Risinghoe Castle Goldington
Sketch plan of the castle mound and Castle Mill House in 1961 [Z1169/8/60/18] to see a larger version please click on the image
Risinghoe Castle is close to the River Great Ouse in the vicinity of Castle Mills. The Bedfordshire Historic Environment Record [HER] contains information on the county’s historic buildings and landscapes and summaries of each entry can now be found online as part of the Heritage Gateway website. The entry for Risinghoe Castle [HER 335] notes: “The site consists of a roughly circular mound approximately 6 metres high and 30 metres across. The top is flattened and the sides fairly steep, but there is no sign of a moat or any other ancillary earthworks. An entry dating from 1180-1200 in the Cartulary of Warden Abbey mentions the old castle beside Risinghoe Mill, indicating that the structure was already old by this date. It is likely to have been one of a number of "adulterine" castles known to have been built by King Stephen (1135-1154) during his siege of Bedford in 1138. As such it would have been a short-lived timber structure”.
“The surrounding fields have been excavated for brick-earth, which may have removed any associated earthworks; a subsidiary mound is said to have existed into the 19th century. Limited excavation of the mound in 1943 found nothing structural, although sherds of medieval pottery were found nearby”.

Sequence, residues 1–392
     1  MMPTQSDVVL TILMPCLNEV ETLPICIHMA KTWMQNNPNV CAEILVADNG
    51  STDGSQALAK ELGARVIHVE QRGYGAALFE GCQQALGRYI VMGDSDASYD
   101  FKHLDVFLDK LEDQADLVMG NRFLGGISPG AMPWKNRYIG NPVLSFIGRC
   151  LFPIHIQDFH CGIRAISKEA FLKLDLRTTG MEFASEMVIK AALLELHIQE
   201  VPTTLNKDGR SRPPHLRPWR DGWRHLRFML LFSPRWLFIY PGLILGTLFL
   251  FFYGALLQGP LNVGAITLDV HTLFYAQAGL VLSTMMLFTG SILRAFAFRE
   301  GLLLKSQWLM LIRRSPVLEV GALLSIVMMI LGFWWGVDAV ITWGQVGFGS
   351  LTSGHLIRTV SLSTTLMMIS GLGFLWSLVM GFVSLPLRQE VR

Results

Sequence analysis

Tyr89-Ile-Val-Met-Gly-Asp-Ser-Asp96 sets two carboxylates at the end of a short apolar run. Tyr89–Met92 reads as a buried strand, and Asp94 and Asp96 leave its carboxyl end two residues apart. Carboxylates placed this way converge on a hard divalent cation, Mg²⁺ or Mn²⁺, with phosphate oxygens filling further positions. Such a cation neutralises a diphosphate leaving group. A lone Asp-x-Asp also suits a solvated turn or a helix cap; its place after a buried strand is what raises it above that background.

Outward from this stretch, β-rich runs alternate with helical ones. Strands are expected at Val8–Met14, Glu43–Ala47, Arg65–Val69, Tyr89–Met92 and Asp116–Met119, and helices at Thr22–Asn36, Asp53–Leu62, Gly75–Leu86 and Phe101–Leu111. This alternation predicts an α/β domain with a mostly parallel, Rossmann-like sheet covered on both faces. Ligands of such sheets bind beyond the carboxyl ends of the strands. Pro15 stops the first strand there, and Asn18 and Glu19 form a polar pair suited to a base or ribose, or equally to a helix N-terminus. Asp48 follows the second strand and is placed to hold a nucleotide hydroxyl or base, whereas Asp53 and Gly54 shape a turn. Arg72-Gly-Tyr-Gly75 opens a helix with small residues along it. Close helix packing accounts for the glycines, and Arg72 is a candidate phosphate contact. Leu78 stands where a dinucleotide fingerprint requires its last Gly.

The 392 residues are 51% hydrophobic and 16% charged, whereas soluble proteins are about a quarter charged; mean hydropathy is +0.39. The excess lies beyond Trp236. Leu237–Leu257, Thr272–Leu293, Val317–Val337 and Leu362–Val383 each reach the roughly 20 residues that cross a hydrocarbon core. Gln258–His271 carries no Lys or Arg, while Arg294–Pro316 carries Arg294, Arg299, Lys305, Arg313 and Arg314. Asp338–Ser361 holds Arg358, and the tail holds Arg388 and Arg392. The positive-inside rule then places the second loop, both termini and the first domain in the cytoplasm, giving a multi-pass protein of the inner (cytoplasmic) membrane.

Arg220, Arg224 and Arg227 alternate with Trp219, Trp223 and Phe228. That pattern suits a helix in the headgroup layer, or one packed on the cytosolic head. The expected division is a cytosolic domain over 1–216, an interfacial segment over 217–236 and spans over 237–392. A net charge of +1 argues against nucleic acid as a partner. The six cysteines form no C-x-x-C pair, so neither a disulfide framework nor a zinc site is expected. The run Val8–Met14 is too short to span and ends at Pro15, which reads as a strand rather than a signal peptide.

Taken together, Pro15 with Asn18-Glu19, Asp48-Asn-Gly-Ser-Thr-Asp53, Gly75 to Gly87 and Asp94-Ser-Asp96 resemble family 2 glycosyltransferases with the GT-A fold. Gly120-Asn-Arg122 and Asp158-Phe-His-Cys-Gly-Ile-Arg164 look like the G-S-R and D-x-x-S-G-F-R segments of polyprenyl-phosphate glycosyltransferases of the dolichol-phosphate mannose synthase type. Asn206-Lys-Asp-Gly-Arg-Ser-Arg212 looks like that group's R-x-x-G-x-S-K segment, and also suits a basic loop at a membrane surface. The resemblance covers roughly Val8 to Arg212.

Volume I of The Victoria County History for Bedfordshire, published in 1904, states: “In Goldington parish, about 2½ miles east of Bedford, on the north bank of the river, on ground belonging to the Castle Mills, stands the solitary mound of Risinghoe. In its present state it is more like a barrow than anything else, but the traditions and statements that it is a remnant of a former stronghold are too numerous to be passed over without mention. [John] Leland [c. 1503-1552] says ‘The great round hill where the keep or dungeon stood is clean hole’. The Lysons [Daniel and Samuel Lysons’ Magna Britannica volume for Bedfordshire of 1806] write, ‘The keep of the castle is of considerable height, and adjoining it are large earthworks’. Rev W Monkhouse in 1854 wrote to contest the view that there was ever a castle here, but he had only a stone structure in his view, and he does not appear to have examined the examples we have just described. No traces of earthworks now appear in connection with the mound, but the fields adjoining have been extensively worked out for brick earth. Old inhabitants describe a smaller mound which stood close to the one remaining, which was actually removed for the purpose named. The mound, about 20 feet high, is semi-spherical, though the summit has a small flat space on it made in recent times. There are no signs of a surrounding moat”.